Findings from a three-year study published in the Journal of the American Medical Association, shows that among hospitals participating in a voluntary quality-improvement initiative, the pay-for-performance program was not associated with a significant incremental improvement in quality of care or outcomes for acute myocardial infarction.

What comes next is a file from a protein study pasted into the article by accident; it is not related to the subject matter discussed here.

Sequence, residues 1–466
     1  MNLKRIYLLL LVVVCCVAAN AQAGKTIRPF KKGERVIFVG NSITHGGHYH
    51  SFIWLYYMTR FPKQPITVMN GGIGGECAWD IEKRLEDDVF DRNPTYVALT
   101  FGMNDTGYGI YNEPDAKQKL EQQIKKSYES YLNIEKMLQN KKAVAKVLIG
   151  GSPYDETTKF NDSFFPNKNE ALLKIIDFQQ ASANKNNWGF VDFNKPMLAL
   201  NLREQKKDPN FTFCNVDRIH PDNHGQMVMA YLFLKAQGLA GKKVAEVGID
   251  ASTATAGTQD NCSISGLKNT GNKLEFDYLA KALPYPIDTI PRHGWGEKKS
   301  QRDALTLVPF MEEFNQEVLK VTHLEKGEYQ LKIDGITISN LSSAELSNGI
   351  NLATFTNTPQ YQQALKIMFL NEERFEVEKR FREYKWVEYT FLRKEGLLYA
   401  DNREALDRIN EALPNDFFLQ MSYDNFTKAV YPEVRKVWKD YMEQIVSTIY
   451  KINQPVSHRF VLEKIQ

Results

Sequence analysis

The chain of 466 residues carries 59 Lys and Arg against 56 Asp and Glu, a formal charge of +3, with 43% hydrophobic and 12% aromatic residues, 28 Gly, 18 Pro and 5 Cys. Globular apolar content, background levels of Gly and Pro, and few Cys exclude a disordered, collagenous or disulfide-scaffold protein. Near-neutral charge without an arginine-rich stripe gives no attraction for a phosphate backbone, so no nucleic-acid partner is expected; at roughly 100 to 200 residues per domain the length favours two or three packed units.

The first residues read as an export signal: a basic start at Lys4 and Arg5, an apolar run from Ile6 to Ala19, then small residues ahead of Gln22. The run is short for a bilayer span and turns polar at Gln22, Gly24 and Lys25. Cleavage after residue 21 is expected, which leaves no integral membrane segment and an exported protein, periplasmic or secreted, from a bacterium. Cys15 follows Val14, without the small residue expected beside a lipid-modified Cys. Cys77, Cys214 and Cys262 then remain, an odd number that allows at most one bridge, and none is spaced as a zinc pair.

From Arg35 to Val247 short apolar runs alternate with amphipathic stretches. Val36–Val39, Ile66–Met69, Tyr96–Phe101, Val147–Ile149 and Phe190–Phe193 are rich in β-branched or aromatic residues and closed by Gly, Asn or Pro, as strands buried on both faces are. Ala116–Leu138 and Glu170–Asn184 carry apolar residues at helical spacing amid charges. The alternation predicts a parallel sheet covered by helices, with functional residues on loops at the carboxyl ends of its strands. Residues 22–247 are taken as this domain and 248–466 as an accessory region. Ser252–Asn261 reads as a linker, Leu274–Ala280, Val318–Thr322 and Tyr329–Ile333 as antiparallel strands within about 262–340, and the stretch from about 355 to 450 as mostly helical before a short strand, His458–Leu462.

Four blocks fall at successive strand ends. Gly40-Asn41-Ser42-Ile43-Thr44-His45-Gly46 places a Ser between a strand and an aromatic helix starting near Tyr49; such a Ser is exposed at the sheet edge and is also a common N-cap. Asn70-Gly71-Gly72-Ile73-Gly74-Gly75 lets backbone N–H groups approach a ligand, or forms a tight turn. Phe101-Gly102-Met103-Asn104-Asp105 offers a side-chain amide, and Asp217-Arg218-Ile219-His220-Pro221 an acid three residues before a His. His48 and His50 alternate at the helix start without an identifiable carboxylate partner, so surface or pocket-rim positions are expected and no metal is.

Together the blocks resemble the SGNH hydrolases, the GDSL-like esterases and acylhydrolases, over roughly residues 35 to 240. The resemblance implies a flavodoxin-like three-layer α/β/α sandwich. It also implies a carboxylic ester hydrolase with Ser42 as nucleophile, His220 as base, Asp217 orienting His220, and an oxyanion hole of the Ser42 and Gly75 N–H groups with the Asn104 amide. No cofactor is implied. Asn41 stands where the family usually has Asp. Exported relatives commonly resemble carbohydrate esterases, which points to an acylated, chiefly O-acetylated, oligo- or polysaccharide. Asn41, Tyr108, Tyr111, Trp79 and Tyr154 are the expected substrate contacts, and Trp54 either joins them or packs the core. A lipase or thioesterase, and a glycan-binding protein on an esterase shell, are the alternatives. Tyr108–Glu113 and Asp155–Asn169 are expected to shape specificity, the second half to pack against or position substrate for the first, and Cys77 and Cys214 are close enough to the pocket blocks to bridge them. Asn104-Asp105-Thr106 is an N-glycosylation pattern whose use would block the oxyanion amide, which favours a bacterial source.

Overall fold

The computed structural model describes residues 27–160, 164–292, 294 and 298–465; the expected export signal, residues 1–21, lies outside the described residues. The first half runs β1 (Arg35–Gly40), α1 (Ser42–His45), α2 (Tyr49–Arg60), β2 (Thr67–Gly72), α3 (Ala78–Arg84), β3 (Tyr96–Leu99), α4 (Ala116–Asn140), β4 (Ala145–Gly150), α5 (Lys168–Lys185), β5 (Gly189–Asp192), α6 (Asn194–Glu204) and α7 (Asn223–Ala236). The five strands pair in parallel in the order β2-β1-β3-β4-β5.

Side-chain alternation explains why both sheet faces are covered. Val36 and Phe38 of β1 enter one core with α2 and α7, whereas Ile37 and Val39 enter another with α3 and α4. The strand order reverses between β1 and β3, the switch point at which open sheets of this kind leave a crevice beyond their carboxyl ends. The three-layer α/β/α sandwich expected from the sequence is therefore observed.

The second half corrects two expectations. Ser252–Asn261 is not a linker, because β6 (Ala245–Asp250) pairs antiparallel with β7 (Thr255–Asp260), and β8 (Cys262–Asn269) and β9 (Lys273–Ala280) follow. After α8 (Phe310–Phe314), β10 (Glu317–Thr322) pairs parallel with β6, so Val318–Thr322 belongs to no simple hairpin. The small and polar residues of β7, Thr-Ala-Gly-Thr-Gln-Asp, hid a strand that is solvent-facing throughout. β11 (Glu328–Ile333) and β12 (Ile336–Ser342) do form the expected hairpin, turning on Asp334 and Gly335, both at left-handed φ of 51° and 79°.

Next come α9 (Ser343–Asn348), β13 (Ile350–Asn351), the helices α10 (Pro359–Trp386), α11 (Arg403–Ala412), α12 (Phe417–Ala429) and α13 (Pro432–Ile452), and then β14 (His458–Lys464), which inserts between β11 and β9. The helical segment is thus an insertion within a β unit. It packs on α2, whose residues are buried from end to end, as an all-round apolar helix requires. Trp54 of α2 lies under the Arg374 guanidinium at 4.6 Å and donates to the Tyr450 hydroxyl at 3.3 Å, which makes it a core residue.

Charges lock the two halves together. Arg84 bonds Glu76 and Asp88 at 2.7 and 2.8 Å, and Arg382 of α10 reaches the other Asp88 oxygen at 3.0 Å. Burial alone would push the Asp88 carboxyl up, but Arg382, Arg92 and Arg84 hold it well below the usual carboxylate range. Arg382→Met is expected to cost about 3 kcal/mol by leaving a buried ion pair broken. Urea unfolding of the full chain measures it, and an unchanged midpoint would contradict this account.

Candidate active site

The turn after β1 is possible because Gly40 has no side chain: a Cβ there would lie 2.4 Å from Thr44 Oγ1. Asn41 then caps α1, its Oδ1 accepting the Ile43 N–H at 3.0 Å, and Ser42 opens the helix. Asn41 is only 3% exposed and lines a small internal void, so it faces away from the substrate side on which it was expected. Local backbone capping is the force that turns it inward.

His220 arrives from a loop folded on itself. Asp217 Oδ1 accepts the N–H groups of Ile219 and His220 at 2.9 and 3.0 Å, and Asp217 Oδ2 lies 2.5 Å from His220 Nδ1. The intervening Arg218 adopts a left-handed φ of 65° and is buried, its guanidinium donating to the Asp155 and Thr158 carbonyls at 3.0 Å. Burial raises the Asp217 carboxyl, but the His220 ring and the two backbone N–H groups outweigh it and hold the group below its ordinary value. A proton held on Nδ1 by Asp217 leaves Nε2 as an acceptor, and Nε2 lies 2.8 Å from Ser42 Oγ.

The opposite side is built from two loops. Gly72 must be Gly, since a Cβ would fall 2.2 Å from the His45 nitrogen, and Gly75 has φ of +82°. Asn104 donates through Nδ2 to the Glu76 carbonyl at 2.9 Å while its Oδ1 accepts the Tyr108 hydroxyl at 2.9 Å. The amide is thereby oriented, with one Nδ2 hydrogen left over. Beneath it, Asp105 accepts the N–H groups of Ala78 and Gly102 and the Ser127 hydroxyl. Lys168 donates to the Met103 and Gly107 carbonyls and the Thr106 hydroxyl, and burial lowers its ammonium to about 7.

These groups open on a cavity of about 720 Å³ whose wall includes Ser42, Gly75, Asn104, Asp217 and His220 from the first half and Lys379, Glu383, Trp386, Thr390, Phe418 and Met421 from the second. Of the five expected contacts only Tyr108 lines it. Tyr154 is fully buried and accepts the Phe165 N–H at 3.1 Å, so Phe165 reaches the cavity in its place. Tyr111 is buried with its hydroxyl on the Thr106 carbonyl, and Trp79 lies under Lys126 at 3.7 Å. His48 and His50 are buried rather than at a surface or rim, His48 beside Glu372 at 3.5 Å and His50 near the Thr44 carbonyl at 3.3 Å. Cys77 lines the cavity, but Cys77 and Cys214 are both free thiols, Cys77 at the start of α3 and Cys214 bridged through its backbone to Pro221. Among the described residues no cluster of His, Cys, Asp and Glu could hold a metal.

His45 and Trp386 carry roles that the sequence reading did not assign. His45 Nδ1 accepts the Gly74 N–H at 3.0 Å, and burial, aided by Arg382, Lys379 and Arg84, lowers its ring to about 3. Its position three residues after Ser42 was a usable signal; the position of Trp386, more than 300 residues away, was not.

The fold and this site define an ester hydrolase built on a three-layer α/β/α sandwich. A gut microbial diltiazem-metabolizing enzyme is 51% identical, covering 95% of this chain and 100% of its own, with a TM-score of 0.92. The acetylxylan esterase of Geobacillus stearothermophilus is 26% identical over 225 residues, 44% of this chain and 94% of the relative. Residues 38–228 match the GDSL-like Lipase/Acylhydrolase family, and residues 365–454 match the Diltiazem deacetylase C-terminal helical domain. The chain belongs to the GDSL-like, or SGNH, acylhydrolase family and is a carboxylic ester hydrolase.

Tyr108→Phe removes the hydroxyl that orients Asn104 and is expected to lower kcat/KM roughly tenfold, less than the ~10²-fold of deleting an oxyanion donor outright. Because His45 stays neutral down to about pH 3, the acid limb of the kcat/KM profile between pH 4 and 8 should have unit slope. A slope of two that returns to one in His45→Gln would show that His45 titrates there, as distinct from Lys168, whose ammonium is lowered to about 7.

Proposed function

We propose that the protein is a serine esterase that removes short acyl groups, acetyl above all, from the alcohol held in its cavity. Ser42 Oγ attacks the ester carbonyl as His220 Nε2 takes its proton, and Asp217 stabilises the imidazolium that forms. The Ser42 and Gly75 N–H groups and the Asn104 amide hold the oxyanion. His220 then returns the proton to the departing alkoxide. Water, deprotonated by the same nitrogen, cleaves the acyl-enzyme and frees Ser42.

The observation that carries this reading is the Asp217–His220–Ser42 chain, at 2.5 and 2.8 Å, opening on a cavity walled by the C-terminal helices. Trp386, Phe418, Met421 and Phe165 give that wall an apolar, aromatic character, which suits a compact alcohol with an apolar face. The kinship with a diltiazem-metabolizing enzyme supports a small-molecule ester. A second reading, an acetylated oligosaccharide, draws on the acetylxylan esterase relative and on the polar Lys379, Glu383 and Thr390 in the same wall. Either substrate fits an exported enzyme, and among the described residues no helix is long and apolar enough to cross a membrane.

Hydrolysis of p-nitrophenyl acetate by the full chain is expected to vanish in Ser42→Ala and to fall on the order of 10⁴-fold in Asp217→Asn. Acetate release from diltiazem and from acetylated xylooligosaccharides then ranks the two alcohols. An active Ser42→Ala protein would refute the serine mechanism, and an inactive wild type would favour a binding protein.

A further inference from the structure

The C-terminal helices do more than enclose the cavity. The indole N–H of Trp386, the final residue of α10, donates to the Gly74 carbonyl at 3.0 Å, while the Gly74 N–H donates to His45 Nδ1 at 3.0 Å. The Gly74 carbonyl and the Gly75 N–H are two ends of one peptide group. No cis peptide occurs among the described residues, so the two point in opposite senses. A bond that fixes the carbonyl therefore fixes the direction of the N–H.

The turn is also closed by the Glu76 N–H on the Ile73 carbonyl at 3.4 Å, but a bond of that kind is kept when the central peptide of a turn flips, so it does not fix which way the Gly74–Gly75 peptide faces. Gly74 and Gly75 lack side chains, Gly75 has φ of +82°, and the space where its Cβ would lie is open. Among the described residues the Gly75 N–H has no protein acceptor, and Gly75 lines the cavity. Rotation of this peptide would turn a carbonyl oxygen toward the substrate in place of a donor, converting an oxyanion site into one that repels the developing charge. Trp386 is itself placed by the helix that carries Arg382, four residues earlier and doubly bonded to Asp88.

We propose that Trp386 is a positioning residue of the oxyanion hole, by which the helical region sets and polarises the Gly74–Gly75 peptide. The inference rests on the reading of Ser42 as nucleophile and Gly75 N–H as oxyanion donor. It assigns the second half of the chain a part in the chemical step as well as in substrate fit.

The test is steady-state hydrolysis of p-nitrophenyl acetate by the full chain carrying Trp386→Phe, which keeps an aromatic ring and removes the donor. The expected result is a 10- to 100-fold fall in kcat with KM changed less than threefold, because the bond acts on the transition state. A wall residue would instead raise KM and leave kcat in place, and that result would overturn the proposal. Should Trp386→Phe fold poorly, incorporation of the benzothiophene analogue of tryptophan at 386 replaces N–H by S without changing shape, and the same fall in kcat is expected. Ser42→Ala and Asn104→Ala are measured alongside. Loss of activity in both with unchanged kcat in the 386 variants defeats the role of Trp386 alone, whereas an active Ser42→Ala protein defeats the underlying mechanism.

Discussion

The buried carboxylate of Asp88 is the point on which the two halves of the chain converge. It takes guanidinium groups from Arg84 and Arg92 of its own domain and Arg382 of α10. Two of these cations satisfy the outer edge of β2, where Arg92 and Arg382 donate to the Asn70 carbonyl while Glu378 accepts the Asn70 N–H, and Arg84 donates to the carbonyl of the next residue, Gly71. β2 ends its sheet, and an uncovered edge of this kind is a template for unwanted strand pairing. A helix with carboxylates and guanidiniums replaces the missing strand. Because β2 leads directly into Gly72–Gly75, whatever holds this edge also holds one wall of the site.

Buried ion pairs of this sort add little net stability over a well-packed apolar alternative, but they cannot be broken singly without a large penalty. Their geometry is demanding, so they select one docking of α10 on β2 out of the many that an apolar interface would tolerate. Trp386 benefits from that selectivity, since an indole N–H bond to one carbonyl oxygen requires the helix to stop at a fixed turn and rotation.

Pay for performance has been promoted as a tool for improving quality of care. In 2003, the Centers for Medicare & Medicaid Services (CMS) launched the largest pay-for-performance pilot project to date in the United States, including indicators for acute myocardial infarction. The objective of this study was to determine if pay for performance was associated with either improved processes of care and outcomes or unintended consequences for acute myocardial infarction at hospitals participating in the CMS pilot project. The study also did not find evidence that pay for performance had an adverse association with improvement in processes of care that were not subject to financial incentives. Additional studies of pay for performance are needed to determine its optimal role in quality-improvement initiatives.